He was denied. He built it anyway.
Now he’s in jail for a really absurd reason.
Jay Nygard is the founder of Go Green Energy. In 2010, he petitioned the city of Orono, Minn. for permission to install a wind turbine on his property. The turbine would stand 29 feet tall and generate energy for his home.
The city denied his permit, but Nygard built it anyway. Fox News reports that Nygard and his lawyer say having a 1.5 kilowatt turbine is a right.
Ok, let’s stop here for a moment. He’s correct when he says he’s within his rights to own a turbine.
And, so far, Nygard is doing nothing more than exercising his right to property. He owns the turbine. He owns the land the turbine will sit on. He owns the house the turbine will supply energy to.
He’s done nothing that requires permission from anyone. However, he doesn’t live in the country. He has neighbors.
Soren Mattick is the lawyer for the city of Orono. He said, “The thing was 2 feet from his neighbor’s property line and 20-some feet tall.”
So what? The turbine is not on his neighbor’s property. It’s near his neighbor’s property. What’s the problem?
“I wish there were a way for you to see the almost disco-ball-like effect into the neighbor’s front yard when this thing spun.”
A lawyer for some of Nygard’s neighbors asked Fox News, “How would you like to open your bedroom window every morning and have a big wind turbine block your view of your lake and the enjoyment of your home and have a strobe-like effect into your home?”
Ok, now we are getting somewhere. Nygard’s actions in installing the turbine allegedly created a visual impact inside the home of a neighbor and blocked a previously unblocked view.
And let’s not forget the noise generated by a wind turbine.
Granted, it’s not speed metal played at top volume, but turbines are a known generator of not just electricity, but noise pollution.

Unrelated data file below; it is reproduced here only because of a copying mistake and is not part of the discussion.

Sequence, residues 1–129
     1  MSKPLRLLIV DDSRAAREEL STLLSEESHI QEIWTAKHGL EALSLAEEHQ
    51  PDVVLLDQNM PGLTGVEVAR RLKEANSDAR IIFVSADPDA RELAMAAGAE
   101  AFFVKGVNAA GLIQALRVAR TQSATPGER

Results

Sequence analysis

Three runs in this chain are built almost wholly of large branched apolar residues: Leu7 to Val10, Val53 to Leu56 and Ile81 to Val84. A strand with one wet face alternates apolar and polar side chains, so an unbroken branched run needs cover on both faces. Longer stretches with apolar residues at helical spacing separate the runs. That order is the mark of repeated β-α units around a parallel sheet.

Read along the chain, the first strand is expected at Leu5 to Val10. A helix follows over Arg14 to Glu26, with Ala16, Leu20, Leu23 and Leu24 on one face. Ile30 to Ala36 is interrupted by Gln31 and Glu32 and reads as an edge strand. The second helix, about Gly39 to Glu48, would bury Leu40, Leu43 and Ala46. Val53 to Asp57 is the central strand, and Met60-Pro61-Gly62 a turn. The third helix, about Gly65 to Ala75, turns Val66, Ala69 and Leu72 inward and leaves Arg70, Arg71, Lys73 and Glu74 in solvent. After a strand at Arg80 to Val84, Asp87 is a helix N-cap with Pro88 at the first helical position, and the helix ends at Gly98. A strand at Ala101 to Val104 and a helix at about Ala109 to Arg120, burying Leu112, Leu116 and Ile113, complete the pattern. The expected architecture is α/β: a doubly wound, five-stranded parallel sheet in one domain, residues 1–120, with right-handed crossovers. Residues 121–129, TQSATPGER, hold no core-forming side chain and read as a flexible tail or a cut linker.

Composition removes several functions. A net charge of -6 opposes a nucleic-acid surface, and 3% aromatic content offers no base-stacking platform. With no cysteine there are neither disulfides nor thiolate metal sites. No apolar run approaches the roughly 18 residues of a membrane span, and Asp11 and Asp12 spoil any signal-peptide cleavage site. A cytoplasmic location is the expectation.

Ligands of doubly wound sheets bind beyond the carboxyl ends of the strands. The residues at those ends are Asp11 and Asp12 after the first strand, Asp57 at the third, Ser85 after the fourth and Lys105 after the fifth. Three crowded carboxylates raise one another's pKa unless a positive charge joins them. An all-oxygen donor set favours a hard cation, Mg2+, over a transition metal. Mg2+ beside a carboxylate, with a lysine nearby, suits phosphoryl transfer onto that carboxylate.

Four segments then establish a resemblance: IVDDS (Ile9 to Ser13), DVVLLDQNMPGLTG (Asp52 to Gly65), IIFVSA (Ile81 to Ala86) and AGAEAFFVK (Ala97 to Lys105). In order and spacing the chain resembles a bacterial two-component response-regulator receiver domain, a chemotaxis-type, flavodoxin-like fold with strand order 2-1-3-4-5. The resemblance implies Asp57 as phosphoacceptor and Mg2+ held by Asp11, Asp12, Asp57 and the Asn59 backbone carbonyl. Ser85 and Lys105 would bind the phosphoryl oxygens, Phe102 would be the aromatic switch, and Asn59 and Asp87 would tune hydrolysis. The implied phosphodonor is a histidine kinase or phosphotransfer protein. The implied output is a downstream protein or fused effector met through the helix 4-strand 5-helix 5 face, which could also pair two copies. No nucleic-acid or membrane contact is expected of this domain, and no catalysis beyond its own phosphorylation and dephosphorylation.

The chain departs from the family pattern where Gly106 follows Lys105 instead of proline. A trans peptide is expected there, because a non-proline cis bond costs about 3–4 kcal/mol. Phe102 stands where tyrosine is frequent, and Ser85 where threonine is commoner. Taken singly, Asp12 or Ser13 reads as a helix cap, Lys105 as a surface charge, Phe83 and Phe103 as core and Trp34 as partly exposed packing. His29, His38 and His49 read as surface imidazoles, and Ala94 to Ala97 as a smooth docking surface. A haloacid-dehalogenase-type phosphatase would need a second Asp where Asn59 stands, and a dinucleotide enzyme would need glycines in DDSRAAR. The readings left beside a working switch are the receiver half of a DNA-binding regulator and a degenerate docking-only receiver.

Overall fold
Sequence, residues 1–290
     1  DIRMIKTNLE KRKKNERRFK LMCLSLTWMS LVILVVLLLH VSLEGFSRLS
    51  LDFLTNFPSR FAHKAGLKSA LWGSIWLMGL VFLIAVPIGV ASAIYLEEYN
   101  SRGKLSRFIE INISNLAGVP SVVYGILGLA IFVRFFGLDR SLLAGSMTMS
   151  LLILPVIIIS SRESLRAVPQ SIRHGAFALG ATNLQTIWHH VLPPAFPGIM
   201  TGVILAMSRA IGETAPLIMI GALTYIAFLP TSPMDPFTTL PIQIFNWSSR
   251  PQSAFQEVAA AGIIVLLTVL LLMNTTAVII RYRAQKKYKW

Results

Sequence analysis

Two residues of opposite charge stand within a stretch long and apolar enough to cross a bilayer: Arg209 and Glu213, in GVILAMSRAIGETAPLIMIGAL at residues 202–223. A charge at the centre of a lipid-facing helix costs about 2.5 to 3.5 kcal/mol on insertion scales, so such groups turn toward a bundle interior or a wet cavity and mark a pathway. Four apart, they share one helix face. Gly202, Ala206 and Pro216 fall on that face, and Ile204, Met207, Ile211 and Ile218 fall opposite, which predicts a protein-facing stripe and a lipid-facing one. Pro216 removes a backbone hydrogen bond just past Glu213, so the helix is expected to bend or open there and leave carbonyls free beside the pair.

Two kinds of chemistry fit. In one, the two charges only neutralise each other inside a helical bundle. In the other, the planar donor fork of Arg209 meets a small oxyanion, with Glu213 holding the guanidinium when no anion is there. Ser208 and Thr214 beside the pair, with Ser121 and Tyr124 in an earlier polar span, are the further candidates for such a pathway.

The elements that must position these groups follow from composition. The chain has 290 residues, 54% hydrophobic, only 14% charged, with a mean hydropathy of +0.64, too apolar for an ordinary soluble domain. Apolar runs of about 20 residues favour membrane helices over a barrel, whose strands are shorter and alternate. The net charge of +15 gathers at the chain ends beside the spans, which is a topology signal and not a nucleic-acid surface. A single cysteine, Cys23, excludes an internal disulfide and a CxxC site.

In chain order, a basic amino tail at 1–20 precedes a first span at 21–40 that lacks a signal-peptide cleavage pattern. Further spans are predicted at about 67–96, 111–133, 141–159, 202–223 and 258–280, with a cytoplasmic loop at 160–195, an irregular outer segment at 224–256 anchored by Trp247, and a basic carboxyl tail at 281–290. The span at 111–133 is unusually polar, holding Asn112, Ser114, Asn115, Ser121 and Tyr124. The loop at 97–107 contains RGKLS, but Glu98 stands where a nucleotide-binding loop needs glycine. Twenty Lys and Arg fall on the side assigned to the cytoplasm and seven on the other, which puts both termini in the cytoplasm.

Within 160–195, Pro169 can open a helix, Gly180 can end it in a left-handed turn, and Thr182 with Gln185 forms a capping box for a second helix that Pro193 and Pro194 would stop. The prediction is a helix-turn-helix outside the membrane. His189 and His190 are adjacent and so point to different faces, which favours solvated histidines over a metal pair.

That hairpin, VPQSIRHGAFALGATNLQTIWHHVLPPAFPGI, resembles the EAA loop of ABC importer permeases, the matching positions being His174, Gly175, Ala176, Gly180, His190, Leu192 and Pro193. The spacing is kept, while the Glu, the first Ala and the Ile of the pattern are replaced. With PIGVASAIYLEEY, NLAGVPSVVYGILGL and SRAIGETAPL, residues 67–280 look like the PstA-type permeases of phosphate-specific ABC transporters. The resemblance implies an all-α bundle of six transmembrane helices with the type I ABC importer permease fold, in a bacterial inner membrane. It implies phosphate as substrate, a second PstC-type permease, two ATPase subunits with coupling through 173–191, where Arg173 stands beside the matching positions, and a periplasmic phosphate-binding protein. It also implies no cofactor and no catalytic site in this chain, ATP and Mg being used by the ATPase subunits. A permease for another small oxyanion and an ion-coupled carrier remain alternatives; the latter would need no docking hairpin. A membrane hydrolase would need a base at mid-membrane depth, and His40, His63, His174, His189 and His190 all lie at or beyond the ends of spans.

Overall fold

While Nygard has a right to own a turbine and install it on his property, he can’t violate the rights of anyone else when he exercises them. Therefore, it follows that the exercise of a right that violates someone else’s shouldn’t be tolerated.
If the turbine is causing a strobe light effect in a neighbor’s house, blocking a view that was previously unblocked and creating a constant noise, it could potentially cause a decrease in the value of the property. The neighbors have a right to protect their rights, including the value of their property.
So the neighbors are well within their rights to demand he take it down.
The city, however, should not be involved. But being a government, it stuck its nose in the middle of things and made things worse.
They passed a city ordinance that basically said
The problem the city had, however, was the state already passed legislation saying Minnesotans had a right to have turbines on their property.
Nygard was in court again on June 4, 2014, and lost. The judge in that case ruled in favor of Nygard’s neighbors and ordered the turbine removed. He eventually took it down.
So why is he in jail?
Because he didn’t removed the turbine’s footing, a four-by-four foot cement pad sitting right next to his home’s 95-year-old foundation. Three different engineers, including one that contracts with the city, said removing the pad could damage the foundation.
Remember, this wasn’t about the concrete pad. This was about noise and light pollution and possible property value losses. The concrete pad could be covered with soil or hidden by landscaping. Its presence didn’t impact the neighbors at all.
That didn’t matter to the powers that be. Remove it or go to jail.
“He was arrested, handcuffed, and taken to jail. Tonight will be night No. 4 in jail” ,” Kendall Nygard told Fox News on Monday.
Mattlick said, “Jail isn’t what the city asked for. The city asked for a court order directing him to take it down. And that’s what the city got… What the court said here was: ‘You’re not doing what I told you to do.’”
The city should have never been involved.
This was a dispute that should have been handled between three entities: the Nygards, their neighbors and the courts.
And in all honesty, it could have been handled between the first two. The Nygards appear to want the world to respect their rights while they ignore how their actions impact the rights of others.
“Hey, I appreciate you wanted to lower your electric bill and lower carbon emissions, but the strobe effect off your windmill just caused my wife to have a seizure in our living room. And that constant hum is driving me insane. I wish you’d have talked with me about this before you put it up. Would you mind taking it down?”
You have a right to do what you want with your property, until it affects someone else’s rights. Then, you are obligated to respect their rights as much as you expect them to respect yours.
Civil society is a two way street.